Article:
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The University of Southampton
Public Policy|Southampton
Graphics by Lindsay Noble Design
Graphics by Lindsay Noble Design

About the project

This pilot project from the University of Southampton was led by Dr Sara Benedi Lahuerta (Law School) and Dr Ingi Iusmen (Politics Department), with the research assistance of Dr Beata Rek, Ms Justyna Jonak and Ms Alexandra Patrick. The project ran between January 2018 and March 2019 and collected data on the experiences on Polish nationals in Southampton in the periods: 2014-15 and 2016-17.


Since the late 1990s, populist discourse based on anti-immigration sentiments have been on the rise in Britain, with such feelings being increasingly expressed even among the elite and the political establishment. Evidence suggests that this phenomenon reached a peak during the Brexit Referendum (BR) campaign and shortly thereafter (Home Office 2016; Looney 2017) and that the Brexit  vote has normalized racism and daily micro-aggressions (Cohen and Page 2018).


This purposefully designed empirical project investigated changes in the vulnerability of EU nationals in the UK as a consequence of the BR campaign and vote. Through the evidence gathered we investigated not only changes in objective vulnerability (i.e. linked to external events such as hate incidents or discrimination explicitly based on the individual’s national origin), but also changes in subjective vulnerability (i.e. individuals’ feelings of anxiety, fear and insecurity due to the perceived risks of experiencing racially-motivated hate incidents or institutional discrimination).

Key findings and dissemination

According to our project evidence, this Poles’ objective and subjective vulnerability increased significantly as a consequence of the new realities brought about by the Brexit vote. While our analysis is based on the case study of the Polish community in Southampton, related research and data suggest that these experiences may be representative for a large proportion of EU nationals residing in the UK.

The project results were disseminated through a policy workshop (‘Brexit and Polish Nationals in Southampton: sharing experiences’) with key local and national stakeholders, held, which took place at the University of Southampton on 28 January 2019, through a policy paper (available below) and an academic article (submitted to a peer-reviewed journal, currently under review).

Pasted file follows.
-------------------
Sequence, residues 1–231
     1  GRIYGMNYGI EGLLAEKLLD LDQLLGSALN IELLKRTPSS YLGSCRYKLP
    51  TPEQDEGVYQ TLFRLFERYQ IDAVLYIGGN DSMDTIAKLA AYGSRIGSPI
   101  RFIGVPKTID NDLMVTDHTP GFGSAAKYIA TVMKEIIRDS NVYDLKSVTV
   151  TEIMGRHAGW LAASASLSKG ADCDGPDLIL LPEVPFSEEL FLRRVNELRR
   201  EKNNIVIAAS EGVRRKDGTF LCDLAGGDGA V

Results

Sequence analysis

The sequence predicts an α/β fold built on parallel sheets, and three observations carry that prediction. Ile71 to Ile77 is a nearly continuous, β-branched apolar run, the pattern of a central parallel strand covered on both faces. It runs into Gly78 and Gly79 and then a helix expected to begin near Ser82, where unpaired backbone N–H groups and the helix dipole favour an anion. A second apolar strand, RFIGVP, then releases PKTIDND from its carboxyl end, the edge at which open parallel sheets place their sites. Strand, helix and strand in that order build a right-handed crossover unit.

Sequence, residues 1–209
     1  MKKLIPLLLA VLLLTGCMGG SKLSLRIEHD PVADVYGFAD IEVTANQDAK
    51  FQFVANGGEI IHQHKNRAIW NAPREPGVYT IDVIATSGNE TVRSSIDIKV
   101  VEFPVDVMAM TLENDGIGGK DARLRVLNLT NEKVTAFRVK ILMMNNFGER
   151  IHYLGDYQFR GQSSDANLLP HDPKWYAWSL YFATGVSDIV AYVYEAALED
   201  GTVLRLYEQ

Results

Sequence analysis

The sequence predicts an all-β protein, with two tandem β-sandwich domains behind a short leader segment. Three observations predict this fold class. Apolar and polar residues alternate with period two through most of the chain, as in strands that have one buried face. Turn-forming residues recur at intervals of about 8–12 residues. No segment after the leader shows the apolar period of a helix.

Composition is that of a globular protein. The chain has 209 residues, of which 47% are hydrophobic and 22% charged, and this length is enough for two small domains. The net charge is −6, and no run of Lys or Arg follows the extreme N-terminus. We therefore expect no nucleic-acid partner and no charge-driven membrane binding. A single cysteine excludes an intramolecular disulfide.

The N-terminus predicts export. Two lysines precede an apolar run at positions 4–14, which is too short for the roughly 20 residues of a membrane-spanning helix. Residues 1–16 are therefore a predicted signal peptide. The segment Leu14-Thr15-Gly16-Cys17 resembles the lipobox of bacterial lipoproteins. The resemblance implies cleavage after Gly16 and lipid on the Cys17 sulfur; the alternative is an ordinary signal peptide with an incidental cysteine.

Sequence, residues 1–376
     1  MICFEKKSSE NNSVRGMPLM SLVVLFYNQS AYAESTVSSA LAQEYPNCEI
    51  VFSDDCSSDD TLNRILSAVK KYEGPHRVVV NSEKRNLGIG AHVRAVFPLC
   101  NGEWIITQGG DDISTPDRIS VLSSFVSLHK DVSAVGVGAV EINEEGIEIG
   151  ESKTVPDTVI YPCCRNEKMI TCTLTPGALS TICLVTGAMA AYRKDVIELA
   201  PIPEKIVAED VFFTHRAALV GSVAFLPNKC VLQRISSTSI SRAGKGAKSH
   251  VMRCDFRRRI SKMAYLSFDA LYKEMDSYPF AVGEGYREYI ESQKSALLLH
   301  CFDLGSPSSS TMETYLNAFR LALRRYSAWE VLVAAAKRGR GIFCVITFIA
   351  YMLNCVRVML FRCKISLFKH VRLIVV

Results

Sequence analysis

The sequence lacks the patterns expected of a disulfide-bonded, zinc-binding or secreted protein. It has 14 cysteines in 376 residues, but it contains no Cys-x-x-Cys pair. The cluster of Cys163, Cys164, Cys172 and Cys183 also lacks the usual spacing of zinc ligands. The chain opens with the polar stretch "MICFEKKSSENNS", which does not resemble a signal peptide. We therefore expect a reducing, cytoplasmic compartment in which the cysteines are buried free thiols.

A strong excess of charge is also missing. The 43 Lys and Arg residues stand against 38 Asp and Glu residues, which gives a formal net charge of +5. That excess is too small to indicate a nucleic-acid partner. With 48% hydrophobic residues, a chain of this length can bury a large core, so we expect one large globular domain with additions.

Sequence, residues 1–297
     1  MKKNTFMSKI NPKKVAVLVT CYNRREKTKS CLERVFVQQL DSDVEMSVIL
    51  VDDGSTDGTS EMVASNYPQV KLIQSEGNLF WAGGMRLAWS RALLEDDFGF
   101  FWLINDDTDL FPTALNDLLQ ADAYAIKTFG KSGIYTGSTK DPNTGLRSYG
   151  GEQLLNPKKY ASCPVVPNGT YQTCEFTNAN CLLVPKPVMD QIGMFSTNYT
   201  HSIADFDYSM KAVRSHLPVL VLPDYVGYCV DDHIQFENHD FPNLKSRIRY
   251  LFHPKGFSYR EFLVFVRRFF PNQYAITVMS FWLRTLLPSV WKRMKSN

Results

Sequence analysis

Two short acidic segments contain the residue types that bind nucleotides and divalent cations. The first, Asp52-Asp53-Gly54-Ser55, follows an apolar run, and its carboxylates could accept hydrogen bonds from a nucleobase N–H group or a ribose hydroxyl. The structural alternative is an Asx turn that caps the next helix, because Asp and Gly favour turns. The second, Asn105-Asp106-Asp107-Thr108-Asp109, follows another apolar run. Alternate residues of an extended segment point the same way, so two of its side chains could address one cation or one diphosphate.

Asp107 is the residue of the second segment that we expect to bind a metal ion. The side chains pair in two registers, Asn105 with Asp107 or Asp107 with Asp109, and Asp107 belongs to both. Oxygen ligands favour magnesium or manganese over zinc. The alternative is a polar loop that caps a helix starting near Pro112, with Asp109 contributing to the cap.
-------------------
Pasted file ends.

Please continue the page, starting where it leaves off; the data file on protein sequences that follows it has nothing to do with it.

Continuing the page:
Our funders and acknowledgements

We would like to acknowledge the funding support from the Strategic Interdisciplinary Research Development Fund (FBLA-SIRDF) from the (former) Faculty of Business, Law and Art (University of Southampton), from the Centre for Law, Policy and Society (CLPS) from the University of Southampton (Law School) and from the ESRC Impact Acceleration Account at the University of Southampton.

 We would also like to thank the participants of the policy workshop for their feedback and comments on our findings and recommendations, as well as Prof. Charlotte O’Brien, for contributing to the workshop, and to Jo Hazell, for her help with the logistics. Thanks are also due to our research assistants Dr. Beata Rek, Justyna Jonak and Alex Patrick for their invaluable help at different stages of the project, to Dr. Miguel Flores for his generous support with the quantitative analysis, and to PublicPolicy@ Southampton for their advice and help with the dissemination of our work. Finally, we are extremely grateful to all the survey, focus groups and interview participants, for sharing rather intimate personal experiences and feelings; without their contribution this project would not have been possible.


If you have further questions about the project, you can contact us by sending an email to

This project has received ethical approval from the Ethics Research Committee of the Faculty of Business, Law & Arts of the University of Southampton with the reference number: 40026.


Polish Vulnerability Report
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